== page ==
German telecommunications company Deutsche Telekom was the victim of a cyber-attack over the weekend which left some 900,000 users affected, the company confirmed in a blog post (opens in new tab).
This weekend, a hacker (or more likely, hackers), infiltrated the company, and tried to infect users' home routers with malware. Deutsche Telekom said its network was not affected 'at any time'.
"The attack attempted to infect routers with a malware but failed which caused crashes or restrictions for four to five percent of all routers,” it said.
The telecoms company said it had implemented a series of measures to the network, and whoever is having trouble connecting to the internet should simply unplug their router from the power supply in order to reboot it. Once plugged back in, it should revert back to normal use. For those having more issues, Deutsche Telekom recommends either visiting this site (opens in new tab), or heading over to the closest store.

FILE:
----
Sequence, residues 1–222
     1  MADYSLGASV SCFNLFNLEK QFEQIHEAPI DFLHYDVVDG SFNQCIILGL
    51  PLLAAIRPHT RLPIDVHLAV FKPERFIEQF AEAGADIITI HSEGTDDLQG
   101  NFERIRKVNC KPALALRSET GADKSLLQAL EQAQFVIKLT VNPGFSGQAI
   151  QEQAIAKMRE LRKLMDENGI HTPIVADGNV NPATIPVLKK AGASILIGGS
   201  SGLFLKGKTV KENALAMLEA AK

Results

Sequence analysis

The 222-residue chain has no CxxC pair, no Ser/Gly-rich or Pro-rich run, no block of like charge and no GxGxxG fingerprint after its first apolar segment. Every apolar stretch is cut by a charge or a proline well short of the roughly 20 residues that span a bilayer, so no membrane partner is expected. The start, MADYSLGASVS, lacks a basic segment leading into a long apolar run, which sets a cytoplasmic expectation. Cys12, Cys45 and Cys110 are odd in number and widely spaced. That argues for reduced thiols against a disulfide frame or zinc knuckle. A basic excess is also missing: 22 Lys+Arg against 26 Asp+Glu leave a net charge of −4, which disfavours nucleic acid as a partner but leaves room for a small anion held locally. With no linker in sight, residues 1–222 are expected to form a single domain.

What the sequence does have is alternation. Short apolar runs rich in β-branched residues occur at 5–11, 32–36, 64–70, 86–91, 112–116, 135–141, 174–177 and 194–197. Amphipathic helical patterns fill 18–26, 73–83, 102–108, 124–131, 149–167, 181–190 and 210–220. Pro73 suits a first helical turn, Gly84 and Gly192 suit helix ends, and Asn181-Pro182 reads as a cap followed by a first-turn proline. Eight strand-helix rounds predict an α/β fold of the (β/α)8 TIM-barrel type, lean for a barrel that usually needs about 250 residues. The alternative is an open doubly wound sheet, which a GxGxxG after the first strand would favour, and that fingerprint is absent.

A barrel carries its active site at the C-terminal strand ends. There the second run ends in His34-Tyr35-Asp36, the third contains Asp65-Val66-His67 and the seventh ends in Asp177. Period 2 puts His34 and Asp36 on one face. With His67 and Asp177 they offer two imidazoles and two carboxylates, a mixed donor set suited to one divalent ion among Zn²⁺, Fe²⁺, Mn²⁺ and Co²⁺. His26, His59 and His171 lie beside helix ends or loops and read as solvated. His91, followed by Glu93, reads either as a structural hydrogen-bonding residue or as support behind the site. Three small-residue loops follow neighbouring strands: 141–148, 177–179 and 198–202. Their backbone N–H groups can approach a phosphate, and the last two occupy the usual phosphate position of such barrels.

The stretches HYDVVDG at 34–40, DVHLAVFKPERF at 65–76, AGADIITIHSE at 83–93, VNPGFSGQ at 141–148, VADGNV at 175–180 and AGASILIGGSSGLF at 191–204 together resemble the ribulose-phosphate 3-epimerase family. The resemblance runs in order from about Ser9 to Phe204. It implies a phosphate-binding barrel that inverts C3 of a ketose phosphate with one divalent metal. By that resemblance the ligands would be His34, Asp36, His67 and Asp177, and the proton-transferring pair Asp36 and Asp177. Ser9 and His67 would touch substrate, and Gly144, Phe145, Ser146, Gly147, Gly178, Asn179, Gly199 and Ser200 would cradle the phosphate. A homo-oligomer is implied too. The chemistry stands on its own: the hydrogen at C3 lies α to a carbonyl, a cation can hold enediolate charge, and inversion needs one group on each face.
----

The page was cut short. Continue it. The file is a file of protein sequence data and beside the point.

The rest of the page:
Commenting on the issue, Jerry Goodman, Vice President, Government Systems Division at ViaSat (opens in new tab), says this incident only highlights the weaknesses we have in our increasingly connected world, adding that it could have been much, much worse: “For instance, dedicated attackers could cut off not only residential internet, but traffic and train signals, or water and energy supplies. A sobering thought.
“There is no shortage of parties willing to commit such attacks: from stereotypical lone wolves, to those working directly for or in the interest of hostile powers or competitive businesses. To protect against these attacks, organisations must assume that every single part of their network infrastructure is a potential vulnerability, and mitigate against this.
"For instance, by teaching both workers and customers best security practices; by monitoring systems to detect unusual behaviour and having their systems react before damage can be done; by controlling the access any one user or device has to critical systems; and by adding multiple layers of encryption, so that potential damage can be minimised. Quite simply, by preparing for the worst, organisations can begin to hope for the best.”
Image Credit: Elizabeth K. Joseph / Flickr